Motivation

Carrot or stick?

 Carrot or stick?  Behaviour, Motivation, News  Comments Off on Carrot or stick?
Dec 052014
 

88346f5c6aWhat motivates people to cooperate in collaborative endeavors? “First carrot, then stick”. Tatsuya Sasaki, mathematician from the University of Vienna, has put forth for the first time ever a mathematical proof of this process. The study is recently published online in the “Journal of the Royal Society Interface”.

The new study establishes that the best combination for incentives and punishment that promotes cooperation are in the form of “First carrot, then stick”. The mathematical proof shows how the combined sequential use of reward (“carrot”) and punishment (“stick”) promotes cooperation in collaborative endeavors, such as protecting social commons and maintaining mutual aid.

Rewards and punishments are the most tried and true approaches when trying to promote cooperation in collaborative endeavors. New research, in terms of evolutionary game theory, is examining a mixed policy of reward and punishment. In contrast, previous studies have only focused on either reward or punishment. As is well known, incentives can be costly and can be adjusted depending on a situation.

In this paper, Sasaki and his colleagues have taken a different approach and investigated what happens when maximizing evolutionary forces towards cooperation. Through game-theory analysis, the study finds that the best approach is to first reward minor cooperators, and then when a critical mass of cooperators is reached, completely switch to punishing free riders.

How is this applicable to contemporary issues? Take automobiles as an example where this hybrid approach can be implemented. Those who currently drive powerful gas-guzzling vehicles should switch to different engines and fuels that are more environmentally friendly. Sasaki and his colleagues mathematically show that a “first carrot, then stick” policy can drive cooperation toward a specific goal. “We have optimized the adaptive dynamics under a centralized incentive system. Therefore, fascinating future work would investigate how and when individuals voluntarily delegate the incentive control to a central authority”, says Sasaki.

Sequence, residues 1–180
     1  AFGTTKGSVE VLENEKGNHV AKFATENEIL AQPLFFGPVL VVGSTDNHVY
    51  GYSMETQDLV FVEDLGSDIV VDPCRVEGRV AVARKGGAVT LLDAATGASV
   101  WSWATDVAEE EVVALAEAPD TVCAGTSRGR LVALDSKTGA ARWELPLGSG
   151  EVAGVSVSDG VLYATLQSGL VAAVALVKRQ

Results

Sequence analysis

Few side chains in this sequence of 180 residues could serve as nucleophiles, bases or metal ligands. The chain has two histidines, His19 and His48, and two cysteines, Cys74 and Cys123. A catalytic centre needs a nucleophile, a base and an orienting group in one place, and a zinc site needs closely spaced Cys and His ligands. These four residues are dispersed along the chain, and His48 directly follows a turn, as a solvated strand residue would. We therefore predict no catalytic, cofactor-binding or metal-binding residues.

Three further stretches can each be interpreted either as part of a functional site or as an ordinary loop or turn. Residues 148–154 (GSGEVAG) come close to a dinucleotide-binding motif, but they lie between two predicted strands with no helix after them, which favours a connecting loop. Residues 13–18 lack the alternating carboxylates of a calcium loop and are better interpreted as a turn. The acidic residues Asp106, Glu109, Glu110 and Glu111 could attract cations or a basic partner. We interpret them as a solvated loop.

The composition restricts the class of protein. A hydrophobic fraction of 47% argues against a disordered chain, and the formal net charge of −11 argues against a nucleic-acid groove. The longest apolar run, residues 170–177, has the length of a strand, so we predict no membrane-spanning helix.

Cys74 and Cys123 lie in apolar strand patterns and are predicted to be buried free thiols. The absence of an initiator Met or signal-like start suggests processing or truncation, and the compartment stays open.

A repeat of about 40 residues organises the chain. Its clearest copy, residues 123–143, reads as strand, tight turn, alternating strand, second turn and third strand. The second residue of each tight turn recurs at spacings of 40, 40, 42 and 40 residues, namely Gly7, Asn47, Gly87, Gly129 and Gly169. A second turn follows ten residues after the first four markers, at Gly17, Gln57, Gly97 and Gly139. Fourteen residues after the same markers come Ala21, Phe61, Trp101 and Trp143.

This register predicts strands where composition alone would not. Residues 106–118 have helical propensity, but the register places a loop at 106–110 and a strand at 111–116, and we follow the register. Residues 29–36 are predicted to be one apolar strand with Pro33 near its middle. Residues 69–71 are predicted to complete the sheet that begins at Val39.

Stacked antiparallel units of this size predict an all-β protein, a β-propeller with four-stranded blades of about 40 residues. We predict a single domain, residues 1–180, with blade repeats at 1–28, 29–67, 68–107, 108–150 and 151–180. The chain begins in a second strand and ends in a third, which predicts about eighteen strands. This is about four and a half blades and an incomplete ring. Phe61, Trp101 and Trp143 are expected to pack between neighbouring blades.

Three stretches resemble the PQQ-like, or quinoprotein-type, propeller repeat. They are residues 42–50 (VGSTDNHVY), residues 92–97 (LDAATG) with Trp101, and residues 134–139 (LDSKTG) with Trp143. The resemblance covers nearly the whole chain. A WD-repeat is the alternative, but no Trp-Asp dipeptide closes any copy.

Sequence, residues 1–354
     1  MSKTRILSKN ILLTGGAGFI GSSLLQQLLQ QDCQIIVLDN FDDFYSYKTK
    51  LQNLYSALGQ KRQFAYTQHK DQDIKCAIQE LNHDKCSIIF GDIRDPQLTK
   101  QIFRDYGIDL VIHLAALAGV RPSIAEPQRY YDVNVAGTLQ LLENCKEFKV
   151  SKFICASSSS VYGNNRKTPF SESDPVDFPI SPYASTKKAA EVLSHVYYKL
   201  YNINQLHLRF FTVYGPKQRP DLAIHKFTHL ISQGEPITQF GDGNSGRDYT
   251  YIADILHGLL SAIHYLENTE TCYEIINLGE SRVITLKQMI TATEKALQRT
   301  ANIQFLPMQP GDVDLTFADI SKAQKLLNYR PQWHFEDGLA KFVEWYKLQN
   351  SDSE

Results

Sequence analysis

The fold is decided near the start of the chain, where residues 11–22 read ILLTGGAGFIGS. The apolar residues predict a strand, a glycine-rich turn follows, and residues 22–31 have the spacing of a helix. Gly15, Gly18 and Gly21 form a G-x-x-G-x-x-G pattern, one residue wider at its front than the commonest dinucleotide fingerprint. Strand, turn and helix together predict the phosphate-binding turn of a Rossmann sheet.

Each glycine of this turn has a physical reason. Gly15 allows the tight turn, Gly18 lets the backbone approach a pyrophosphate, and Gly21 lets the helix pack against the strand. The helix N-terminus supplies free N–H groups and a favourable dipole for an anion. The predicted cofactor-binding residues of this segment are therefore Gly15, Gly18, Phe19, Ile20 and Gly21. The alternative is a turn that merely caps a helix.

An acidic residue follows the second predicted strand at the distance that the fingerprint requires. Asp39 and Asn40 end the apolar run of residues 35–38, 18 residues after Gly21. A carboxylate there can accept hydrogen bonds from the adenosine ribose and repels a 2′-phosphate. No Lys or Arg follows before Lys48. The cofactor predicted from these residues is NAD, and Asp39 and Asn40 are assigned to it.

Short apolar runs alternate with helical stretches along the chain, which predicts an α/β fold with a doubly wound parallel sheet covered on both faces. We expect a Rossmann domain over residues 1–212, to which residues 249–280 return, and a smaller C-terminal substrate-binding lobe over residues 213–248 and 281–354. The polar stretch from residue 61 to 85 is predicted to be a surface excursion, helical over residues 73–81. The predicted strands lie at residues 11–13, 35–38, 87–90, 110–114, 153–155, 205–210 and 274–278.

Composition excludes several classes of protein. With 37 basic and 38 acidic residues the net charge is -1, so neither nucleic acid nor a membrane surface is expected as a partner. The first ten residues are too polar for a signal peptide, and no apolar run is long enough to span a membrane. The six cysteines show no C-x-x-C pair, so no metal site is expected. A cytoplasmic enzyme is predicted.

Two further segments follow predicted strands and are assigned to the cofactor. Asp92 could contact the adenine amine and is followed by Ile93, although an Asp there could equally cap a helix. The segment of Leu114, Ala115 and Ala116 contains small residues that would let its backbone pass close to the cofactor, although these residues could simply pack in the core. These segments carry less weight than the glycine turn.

Source: University of Vienna

Can love make us mean?

 Can love make us mean?  Behaviour, Motivation, Worth Noting  Comments Off on Can love make us mean?
Nov 062014
 

Empathy is among humanity’s defining characteristics. Understanding another person’s plight can inspire gentle emotions and encourage nurturing behaviors. Yet under certain circumstances, feelings of warmth, tenderness and sympathy can in fact predict aggressive behaviors, according to a recent study.

Kelly McGonigal tells Google about Willpower

 Kelly McGonigal tells Google about Willpower  Motivation  Comments Off on Kelly McGonigal tells Google about Willpower
Jun 012012
 

Neuroscientists talk about how we have one brain but two minds. We have a mind that acts on impulse and seeks immediate gratification, and we have another mind that controls our impulses and delays gratification to fulfill our long-term goals. We face willpower challenges when the two minds have competing goals. Learn what influences us

Visualize and manifest…..does it really work?

 Visualize and manifest…..does it really work?  Motivation  Comments Off on Visualize and manifest…..does it really work?
Jun 092011
 

 Vaisualise and manifest - may not work say psychologistsIt’s a trusted tool in the self-help armoury – visualising yourself having achieved your goals, be that weighing less, enjoying the view atop Everest, or walking down the aisle with the girl or boy of your dreams. Trouble is, reams of research shows that indulging in positive fantasies actually makes people’s fantasised ambitions less likely to become reality. Why? A new study claims it’s because positive fantasies are de-energising, writes Christian Jarrett in the British Psychological Society blog.

They "make energy seem unnecessary" say Heather Kappes and Gabriele Oettingen.  "By allowing people to consummate a desired future", the researchers explain, positive fantasies trigger the relaxation that would normally accompany actual achievement, rather than marshaling the energy needed to obtain it.

Jun 062011
 

Birds do it. Bees do it. Even little kids picking strawberries do it. Every creature that forages for food decides at some point that the food source they’re working on is no richer than the rest of the patch and that it’s time to move on and find something better. It even happens to us as we surf the web, and maybe it happens in relationships too?

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